For customers, On2’s tech may speed up the download time before a clip starts and reduce the total network traffic eaten up by watching lots of YouTube. For Google, On2’s big value add will be reducing the costs of serving a couple of billion clips a day by reducing the amount of network capacity required to transmit the video to customers.

On2’s technology could reduce network costs for YouTube enough to bring profitability in reach.

via Google buys videotech firm On2, but YouTube costs aren’t as high as rumored | VentureBeat.

Google adds layers to its mobile maps; multiple search capabilities July 23, 2009

Posted by hruf in Internet & Communities, Mobile & Gadgets.
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Google Maps’ mobile phone experience is becoming a richer experience with the addition of layers that you see public transit, Wikipedia entries or your friends’ location on Latitude. For example when coming to a new town, you can turn on a Wikipedia layer that lets you learn about notable sites nearby. Or you can turn on local search results to pull up restaurant or bar listings on your phone while you’re meandering around a neigborhood. To use it, load the Google Maps mobile application and hit the “2″ key or click “Layers” in the menu and you can turn various layers on and off.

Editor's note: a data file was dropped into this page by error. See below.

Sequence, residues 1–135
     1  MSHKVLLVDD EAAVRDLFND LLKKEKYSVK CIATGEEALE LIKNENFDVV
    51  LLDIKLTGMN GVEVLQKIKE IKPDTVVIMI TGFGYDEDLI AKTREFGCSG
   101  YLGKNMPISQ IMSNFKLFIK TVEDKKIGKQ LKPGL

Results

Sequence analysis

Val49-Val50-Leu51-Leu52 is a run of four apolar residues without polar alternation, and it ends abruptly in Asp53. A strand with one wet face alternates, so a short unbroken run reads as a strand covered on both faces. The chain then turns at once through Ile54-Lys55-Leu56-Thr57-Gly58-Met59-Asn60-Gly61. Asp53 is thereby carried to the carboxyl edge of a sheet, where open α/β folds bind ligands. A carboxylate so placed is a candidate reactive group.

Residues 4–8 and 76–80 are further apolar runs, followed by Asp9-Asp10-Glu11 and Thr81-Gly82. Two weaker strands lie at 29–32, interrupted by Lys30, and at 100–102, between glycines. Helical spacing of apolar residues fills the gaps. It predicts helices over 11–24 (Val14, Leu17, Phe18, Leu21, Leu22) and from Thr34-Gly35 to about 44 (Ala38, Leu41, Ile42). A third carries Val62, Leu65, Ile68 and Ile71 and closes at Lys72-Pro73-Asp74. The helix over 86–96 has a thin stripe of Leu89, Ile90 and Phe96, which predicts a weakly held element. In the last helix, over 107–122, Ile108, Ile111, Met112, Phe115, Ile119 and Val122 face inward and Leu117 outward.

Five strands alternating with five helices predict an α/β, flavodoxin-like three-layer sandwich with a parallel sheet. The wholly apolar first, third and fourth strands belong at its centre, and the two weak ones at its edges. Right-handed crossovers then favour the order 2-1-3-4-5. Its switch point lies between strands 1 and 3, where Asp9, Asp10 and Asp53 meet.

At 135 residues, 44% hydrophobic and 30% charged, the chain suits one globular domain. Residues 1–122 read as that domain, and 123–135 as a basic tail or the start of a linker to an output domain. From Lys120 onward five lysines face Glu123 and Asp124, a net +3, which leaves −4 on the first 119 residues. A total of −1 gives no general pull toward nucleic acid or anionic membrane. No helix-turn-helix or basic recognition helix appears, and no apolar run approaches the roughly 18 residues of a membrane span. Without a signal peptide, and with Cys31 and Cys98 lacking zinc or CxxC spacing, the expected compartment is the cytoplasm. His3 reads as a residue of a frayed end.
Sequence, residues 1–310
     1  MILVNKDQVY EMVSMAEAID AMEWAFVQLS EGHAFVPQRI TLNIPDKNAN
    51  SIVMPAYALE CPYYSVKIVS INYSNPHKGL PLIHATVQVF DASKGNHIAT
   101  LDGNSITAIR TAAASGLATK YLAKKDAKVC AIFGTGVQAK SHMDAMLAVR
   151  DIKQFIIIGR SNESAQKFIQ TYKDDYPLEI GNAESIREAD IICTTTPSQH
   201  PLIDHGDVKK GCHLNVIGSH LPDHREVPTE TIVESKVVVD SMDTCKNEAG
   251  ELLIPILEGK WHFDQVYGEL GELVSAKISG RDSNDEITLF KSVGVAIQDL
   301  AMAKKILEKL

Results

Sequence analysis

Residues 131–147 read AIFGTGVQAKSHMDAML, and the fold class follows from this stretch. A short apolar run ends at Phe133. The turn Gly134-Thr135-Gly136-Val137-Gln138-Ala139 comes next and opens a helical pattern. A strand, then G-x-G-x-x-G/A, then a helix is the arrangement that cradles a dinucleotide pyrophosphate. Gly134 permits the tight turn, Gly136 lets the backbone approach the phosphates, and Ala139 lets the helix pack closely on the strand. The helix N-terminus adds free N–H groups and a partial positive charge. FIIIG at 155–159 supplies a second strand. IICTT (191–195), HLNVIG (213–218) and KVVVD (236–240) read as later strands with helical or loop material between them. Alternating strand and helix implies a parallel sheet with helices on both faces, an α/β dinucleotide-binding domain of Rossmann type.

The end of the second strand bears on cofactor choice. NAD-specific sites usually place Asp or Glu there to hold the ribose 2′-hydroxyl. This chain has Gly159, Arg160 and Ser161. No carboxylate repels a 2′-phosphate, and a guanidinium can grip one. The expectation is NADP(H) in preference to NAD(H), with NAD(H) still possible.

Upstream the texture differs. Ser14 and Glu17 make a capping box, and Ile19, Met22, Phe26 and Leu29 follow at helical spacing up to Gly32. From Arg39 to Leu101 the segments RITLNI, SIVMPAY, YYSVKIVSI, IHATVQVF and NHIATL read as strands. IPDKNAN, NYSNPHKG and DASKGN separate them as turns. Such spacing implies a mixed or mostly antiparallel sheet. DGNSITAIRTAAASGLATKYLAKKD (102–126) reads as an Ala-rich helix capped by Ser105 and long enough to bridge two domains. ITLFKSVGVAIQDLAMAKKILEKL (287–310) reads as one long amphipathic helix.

In a separate development, Google Maps added the ability to do multiple searches so you can find gas stations or restaurants while looking for driving directions. Performing multiple searches can be time consuming if you’re looking for how to get to a destination but also stop at other places along the way. This functionality lets you turn on layers showing nearby eateries or supermarkets.

via Google adds layers to its mobile maps; multiple search capabilities | VentureBeat.

FriendFeed Blog: FriendFeed API v2: Real-time, OAuth, file attachments, and more July 20, 2009

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Next social network provider, which extends his open API:

Today we are launching version 2 of the FriendFeed API for beta testing. We focused on making the API simpler to use, and we added number of compelling new features:

* Real-time APIs – utilize long polling to get feeds in real-time, including search!

* Flexible sharing options – Direct message users. Share to multiple feeds.